The Future of Fossil Fuels
Updated: Oct 26, 2022
From 2030 the UK will ban the sale of new petrol and diesel cars, whilst plug-in hybrids will continue to be sold until 2035. What does this mean for fossil fuels?
All is not lost. Although the sale of new internal combustion engines will cease to be sold in the UK from 2030, there are currently no restrictions on the sale of used performance and classic cars. Although the UK government has an overall goal of eliminating all CO2 emissions by 2050, it gives us optimistic petrol-heads plenty of time for the development of synthetic fuels enabling us to continue enjoying our passion.
Last year (2021) in the UK over 300,000 Electric and Plug-In hybrid cars were sold combined, recording the largest sales record to date. Although declining, more than 1.2 million petrol and diesel cars were registered on the roads meaning there is still a long way to go before eliminating petrol and diesel vehicles from our streets, let alone removing them completely.
There is no doubt that our roads will be dominated by electric vehicles by 2035, but there will still be millions of petrol and diesel vehicles on the UK roads which will still require conventional fuels. There is a small chance of the date being postponed due to the lack of infrastructure supporting electric vehicles, as well as a need for petrol and diesel in the use of aviation, maritime, road freight and agriculture.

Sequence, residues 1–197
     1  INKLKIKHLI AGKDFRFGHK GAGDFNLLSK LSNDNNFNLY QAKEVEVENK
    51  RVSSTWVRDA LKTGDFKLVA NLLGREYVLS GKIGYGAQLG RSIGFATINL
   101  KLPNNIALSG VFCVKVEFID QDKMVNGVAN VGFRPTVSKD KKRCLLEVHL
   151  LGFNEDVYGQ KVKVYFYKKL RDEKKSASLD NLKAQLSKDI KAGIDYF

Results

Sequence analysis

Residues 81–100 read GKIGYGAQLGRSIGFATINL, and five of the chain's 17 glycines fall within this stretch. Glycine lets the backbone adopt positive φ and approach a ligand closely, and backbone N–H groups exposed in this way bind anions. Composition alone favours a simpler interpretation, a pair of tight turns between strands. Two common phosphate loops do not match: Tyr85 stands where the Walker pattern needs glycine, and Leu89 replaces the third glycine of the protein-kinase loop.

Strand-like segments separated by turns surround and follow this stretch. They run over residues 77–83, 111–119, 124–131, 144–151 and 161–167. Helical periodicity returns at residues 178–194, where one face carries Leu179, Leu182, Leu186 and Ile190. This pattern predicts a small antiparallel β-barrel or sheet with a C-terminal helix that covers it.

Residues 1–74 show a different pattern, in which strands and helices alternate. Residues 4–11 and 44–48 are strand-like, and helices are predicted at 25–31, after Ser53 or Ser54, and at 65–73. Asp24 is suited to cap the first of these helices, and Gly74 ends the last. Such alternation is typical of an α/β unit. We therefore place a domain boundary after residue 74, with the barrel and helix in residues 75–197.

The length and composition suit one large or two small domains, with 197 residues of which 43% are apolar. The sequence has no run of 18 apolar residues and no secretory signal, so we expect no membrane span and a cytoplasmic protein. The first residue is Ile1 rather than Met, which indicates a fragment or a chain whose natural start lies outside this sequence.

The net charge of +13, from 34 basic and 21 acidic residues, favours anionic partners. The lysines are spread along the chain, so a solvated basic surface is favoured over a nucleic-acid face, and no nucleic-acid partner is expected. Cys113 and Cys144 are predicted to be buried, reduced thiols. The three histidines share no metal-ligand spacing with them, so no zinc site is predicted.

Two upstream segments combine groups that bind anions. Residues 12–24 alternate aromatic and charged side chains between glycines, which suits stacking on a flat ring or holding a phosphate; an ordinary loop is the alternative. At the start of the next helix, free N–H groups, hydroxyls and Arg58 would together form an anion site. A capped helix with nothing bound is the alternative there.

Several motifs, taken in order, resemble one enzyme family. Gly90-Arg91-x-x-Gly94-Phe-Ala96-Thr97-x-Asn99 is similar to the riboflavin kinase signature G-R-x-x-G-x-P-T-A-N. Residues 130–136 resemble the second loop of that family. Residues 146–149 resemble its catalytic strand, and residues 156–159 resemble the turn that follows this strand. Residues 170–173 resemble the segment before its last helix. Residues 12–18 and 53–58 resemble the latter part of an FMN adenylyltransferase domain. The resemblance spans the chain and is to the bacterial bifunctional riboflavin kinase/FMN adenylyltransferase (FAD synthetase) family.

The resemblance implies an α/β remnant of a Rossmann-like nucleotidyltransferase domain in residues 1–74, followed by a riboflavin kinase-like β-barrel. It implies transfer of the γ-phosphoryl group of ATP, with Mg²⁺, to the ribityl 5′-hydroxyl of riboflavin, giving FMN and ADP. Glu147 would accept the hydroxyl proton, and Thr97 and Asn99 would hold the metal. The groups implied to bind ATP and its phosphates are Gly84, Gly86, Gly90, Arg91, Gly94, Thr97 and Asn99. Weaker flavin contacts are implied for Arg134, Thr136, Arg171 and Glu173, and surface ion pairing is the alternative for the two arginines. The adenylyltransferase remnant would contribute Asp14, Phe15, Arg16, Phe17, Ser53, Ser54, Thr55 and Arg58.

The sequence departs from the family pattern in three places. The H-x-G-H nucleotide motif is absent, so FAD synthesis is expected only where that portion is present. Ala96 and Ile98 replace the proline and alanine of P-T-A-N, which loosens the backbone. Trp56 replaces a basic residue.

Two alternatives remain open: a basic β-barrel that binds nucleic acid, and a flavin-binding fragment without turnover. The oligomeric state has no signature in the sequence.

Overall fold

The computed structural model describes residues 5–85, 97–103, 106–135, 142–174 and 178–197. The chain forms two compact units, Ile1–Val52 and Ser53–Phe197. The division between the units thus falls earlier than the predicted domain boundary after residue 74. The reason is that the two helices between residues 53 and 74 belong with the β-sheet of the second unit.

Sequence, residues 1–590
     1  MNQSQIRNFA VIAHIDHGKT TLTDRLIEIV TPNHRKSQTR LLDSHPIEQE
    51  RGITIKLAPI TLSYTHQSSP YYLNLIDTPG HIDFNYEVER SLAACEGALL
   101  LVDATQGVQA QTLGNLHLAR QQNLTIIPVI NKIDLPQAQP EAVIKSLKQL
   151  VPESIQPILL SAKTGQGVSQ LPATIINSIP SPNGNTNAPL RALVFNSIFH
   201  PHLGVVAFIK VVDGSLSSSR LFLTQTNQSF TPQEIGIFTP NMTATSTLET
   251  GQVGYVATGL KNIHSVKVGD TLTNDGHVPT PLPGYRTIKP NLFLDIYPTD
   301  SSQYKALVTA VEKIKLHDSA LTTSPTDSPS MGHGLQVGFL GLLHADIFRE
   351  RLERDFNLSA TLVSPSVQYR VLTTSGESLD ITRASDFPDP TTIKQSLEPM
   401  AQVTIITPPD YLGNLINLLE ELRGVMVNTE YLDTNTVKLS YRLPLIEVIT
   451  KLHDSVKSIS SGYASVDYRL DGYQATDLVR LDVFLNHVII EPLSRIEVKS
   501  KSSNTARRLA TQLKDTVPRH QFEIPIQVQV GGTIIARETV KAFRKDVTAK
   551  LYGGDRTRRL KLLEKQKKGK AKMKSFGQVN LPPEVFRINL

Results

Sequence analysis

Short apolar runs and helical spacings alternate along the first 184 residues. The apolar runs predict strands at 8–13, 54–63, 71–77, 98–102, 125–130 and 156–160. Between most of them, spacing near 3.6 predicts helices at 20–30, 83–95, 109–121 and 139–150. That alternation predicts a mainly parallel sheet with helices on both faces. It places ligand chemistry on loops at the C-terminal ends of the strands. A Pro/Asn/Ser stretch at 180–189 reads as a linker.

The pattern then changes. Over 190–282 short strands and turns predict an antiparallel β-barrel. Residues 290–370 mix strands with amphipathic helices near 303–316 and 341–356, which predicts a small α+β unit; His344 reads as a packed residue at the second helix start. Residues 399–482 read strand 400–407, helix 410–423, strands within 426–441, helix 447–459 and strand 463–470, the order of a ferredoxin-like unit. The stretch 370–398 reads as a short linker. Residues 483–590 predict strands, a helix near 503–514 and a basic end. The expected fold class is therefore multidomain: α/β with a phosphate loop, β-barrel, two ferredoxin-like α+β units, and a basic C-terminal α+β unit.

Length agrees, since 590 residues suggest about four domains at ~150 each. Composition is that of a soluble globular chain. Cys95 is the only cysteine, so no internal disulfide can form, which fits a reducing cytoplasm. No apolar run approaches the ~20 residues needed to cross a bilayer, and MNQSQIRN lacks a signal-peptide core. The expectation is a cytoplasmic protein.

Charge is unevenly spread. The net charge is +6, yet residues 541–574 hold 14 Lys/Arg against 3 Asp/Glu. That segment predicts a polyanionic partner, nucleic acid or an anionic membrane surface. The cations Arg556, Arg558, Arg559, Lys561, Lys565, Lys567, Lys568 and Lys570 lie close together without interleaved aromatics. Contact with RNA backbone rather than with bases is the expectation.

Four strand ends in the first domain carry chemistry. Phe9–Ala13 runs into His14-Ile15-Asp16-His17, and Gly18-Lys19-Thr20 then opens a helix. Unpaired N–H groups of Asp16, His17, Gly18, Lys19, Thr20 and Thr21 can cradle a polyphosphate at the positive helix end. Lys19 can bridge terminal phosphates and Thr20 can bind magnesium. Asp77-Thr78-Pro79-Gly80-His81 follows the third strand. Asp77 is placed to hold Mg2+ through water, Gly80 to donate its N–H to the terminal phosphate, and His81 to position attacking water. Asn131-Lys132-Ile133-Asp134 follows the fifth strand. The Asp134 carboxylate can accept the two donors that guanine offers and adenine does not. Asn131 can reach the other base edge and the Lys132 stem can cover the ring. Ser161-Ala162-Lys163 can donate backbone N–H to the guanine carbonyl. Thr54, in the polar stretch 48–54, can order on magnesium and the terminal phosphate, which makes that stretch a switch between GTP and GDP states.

With the likes of Shell, BP and Repsol all investing billions of pounds into the development of Biofuels and E-fuels, the modern-day internal combustion engine may still have a chance in decades to come. The benefits of synthetic or ‘E-fuel’ are that we are still able to use the same infrastructure (Vehicles, transportation and fuel stations) as our current fossil fuel equivalents, meaning the potential saving of billions of taxpayers’ money, on the re-development of charging stations. Vehicles will also be able to run without effects, therefor no changes would be needed internally, in contrast to the change between leaded and unleaded fuel. Although, the same scare-mongering tactics are being used.
What’s the difference between Biofuels and E-fuels?
‘Biofuels are produced from a renewable energy source, for example biomass (such as wood or crop waste), oil extracted from plants or from previously used materials such as used cooking oil or animal fats.’ Whereas ‘E-fuels are synthetically produced CO2-neutral liquid fuels based on hydrogen and CO2 which, like biofuels, meet fossil-fuel quality standards and can be blended with regular fuels. This raw material differentiates them from biofuels.’
To conclude, the future of fossil fuels is looking ever bleaker by the day but we do have an alternative that will suit the true, fast becoming scarce petrol head - the development of synthetic fuels.